VE3 on tourism businesses

 

Priority action 1 says it all:  “Encouraging and supporting new and established tourism businesses to innovate and collaborate to  capitalise on growth markets………………”.    The section then goes on to talk about “recreation activity offerings” and “accommodation offerings” and states the LLTNPA wishes to encourage private sector and other investment in facilitiies for motorhomes and lower cost accommodation.   Nowhere does the Park set out what provision it sees as being needed or what investment might be required.   That is another abdication of responsibility.  The LLTNPA however apparently would prefer to leave not just delivery of facilities but also their planning to the market.   Why have a NPPP or a National Park Authority if you don’t believe in planning?

VE4 Visitor Management

 

This section states its about popular areas and management of visitor pressures but again is not based on any analysis. Its proposals show that the LLTNPA has learned nothing in the last two years from the criticisms of the camping byelaws.

 

The first priority action, which is the Park’s way of saying that it wants the camping byelaws to continue, is both meaningless and now defunct after the LLTNPA’s decision that it can no longer limit the number of campervans/motorhomes (see here): “Ensuring that the Camping Management Zones (WestLoch Lomond, Trossachs , Trossachs North and East Loch Lomond) support improvements to the environment and visitor experience through providing for sustainable levels of camping and motorhome use alongside other visitor activities.in the camping management zones

 

The second priority action “Agreeing an approach to ensuring the sustainable and responsible use of the Loch Lomond islands” is code for extending the camping byelaws to the Loch Lomond islands which the Board has already agreed in principle to look at. No evidence is provided to show that there is a problem that needs addressing and the failure of the LLTNPA to be open about this is another indictment of how it operates.

 

On the third priority action, while its a step forward that the LLTNPA has recognised the litter at the head of Loch Long as a problem that needs addressing (but if this, why not the litter along the A82 or fly tipping?), the inclusion of this action point under a section dealing with visitor management is incomprehensible. The litter at the head of Loch Long is not created by tourists but comes from the Clyde.  The Park’s reference to “innovative solutions” is devoid of content and therefore meaningless – what’s needed are resources to clear up the mess.

 

The fourth priority on developing parking and traffic management measures appears to be “code” for the further introduction of car parking charges. There is nothing in the consultation asking what people think about this – another indication that this is not a proper consultation at all.

 

VE5 Diversity of visitors

 

The actions in this section are again in my view meaningless. While the LLTNPA recognises that getting outdoors is good for people’s health and also its difficult for many people in the Clyde conurbation to get to the National Park, there is no analysis of how its existing visitor management measures have impacted on this (the camping bylaws hit the poorest most) and not a single proposal for how the LLTNPA could make the National Park more accessible  (A contrast to the Cairngorms National Park Authority who, for example, recognised there are issues about who accesses outdoor education).    The Park’s plan is to engage with health boards – is this really going to sort out the mess it has created?    If the Park really wanted to encourage people it would not have constructed its new campsite at Loch Chon, only accessible by car. The LLTNPA claims the National Park offers a range of quality outdoor learning experiences, again with any analysis. The reality is that outdoor education provision has been hit hard by the cuts while organised groups like Duke of Edinburgh Award and the Scouts (which are working hard to welcome a wider range of young people) now face the bureaucratic rigmarole of having to apply for exemptions to the camping permit system.   Judging by the number of such exemptions, most are voting with their feet.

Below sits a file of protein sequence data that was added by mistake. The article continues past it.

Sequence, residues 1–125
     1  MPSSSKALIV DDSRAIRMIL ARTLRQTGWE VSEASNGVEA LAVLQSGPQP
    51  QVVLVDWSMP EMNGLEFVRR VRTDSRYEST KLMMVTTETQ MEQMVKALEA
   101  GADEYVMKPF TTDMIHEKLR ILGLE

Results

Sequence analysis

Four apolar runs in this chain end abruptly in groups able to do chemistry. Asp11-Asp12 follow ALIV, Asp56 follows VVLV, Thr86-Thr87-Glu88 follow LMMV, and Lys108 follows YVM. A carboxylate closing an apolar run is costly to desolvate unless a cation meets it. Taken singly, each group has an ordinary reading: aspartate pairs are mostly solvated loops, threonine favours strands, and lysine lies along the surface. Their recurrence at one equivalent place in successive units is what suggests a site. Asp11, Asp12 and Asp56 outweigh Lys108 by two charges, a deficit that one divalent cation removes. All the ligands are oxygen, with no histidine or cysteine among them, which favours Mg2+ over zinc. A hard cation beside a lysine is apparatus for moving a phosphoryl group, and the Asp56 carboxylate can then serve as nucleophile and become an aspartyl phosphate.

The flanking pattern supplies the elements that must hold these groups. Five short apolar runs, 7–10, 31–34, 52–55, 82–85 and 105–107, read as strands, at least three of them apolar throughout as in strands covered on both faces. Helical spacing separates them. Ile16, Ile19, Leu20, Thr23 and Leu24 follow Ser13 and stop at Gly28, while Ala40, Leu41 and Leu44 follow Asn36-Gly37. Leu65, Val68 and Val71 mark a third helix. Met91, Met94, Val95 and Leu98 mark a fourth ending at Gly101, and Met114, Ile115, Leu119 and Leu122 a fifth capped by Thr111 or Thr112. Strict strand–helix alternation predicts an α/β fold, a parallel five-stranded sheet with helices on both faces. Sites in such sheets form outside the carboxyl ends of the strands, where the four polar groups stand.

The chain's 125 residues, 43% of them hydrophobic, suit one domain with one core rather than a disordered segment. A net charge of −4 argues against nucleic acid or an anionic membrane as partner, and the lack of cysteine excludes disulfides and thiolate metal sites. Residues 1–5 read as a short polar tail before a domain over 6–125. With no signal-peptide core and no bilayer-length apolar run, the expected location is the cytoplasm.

What the LLTNPA needs to do

 

Here, in a nutshell, is an alternative agenda for promoting understanding and recreation which depends on the National Park’s special qualities:

 

  1. The LLTNPA needs to re-write its plan  so it focuses on outdoor recreation and enjoyment of the countryside, not “the visitor experience” and base this on proper evidence and an analysis of what it has/has not achieved since it was created.
  2. The LLTNPA needs fundamentally to change its approach to visitor management from seeing visitors as a problem to recognising the right of people to enjoy the countryside.  This means dropping the existing camping byelaws and the proposals to extend them to the Loch Lomond islands and reversing other measures designed to reduce visitor numbers (such as removing gates from car parks)
  3. The LLTNPA needs to get back to basics in terms of recreational provision, developing a plan describing what infrastructure is needed from litter bins and toilets to new paths and improved public transport.   This should set out what can be funded from existing sources (there is money to invest, for example from Forestry Commission Scotland, through various land management grants or even from hydro schemes) and what additional investment is needed